Chiune "Sempo" Sugihara (January 1900 – 31 July 1986) was a Japanese diplomat who served as Vice-Consul for the Empire of Japan in Lithuania. During World War 2, he helped between 10,000 and 40,000 Jews leave the country by issuing transit visas so that they could travel to Japanese territory , risking his career and his family's lives. The Jews who escaped were refugees from German-occupied Western Poland or Soviet -occupied Eastern Poland, as well as residents of Lithuania. In 1985, Israel named him to the Righteous Among the Nations for his actions, the only Japanese national to be so honored.
Sugihara had told the refugees to call him "Sempo", the Sino-Japanese reading of the characters in his given name, discovering it was much easier for Western people to pronounce.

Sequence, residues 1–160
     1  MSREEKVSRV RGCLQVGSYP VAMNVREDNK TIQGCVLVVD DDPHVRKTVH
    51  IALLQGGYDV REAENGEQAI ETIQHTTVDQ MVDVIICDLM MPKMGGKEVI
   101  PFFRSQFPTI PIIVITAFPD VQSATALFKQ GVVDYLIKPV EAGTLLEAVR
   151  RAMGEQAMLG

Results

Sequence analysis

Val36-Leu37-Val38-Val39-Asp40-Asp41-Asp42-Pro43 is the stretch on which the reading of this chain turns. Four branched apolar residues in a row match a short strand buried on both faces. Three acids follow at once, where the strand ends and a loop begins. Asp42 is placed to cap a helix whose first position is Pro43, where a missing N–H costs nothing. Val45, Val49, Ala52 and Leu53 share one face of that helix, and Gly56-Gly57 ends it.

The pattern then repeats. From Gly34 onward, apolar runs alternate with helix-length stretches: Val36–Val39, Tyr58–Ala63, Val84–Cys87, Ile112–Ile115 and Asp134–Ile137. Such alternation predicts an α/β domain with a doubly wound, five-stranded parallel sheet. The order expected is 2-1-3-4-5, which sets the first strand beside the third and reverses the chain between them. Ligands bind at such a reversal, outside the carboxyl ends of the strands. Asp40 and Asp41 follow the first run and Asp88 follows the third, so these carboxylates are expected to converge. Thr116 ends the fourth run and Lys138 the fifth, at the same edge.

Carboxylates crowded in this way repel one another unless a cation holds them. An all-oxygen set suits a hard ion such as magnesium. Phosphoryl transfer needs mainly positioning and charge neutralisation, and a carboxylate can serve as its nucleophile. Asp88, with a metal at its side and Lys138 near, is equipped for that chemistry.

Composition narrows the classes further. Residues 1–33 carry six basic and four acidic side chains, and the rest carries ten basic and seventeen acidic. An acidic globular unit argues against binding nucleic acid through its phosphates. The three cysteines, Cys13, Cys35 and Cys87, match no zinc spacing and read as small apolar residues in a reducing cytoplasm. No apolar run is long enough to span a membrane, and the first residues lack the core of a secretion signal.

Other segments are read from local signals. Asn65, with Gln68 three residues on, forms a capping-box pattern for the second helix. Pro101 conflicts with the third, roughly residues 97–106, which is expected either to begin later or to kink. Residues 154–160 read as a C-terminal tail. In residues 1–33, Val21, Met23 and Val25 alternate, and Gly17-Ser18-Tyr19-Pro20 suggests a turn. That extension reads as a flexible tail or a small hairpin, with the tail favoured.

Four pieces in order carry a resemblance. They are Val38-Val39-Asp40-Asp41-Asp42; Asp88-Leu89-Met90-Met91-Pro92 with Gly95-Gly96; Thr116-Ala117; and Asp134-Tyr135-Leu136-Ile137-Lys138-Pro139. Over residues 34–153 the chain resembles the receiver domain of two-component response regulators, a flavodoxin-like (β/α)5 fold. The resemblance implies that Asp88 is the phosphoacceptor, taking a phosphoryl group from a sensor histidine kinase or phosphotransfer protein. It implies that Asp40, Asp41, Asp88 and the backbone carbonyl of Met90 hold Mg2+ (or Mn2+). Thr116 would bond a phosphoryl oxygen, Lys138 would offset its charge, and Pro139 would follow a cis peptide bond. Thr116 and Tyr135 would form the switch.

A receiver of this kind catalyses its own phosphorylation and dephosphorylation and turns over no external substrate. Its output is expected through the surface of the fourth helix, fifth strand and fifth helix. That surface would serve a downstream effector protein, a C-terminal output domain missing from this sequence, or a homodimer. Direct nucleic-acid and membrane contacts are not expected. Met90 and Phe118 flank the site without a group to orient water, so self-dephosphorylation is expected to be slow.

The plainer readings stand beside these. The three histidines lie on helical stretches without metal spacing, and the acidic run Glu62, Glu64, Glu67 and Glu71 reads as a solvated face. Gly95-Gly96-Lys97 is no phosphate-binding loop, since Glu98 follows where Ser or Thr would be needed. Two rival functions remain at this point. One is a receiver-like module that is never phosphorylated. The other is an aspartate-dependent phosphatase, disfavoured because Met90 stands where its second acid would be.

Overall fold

In 1999, as a result of the joint effort of the intellectuals and the businessmen from Lithuania and Belgium – prof. Egidijus Aleksandravičius, politician and businessman Ramūnas Garbaravičius and businessman Freddie Opsomer, the public institution "The Sugihara Foundation – Diplomats for Life" was established.
The initiators of the foundation were seeking to unite the intellectual efforts and available funds in order to properly commemorate the name of the Japanese diplomat Chiune Sugihara.
The name of Sugihara along with the name of the Dutch consul Jan Zwartendijk as well as the other diplomats who were not afraid to save thousands of lives of the European Jews, reminds the present generations about the threats hiding inside the human nature, and sets a good example of kindness and righteousness.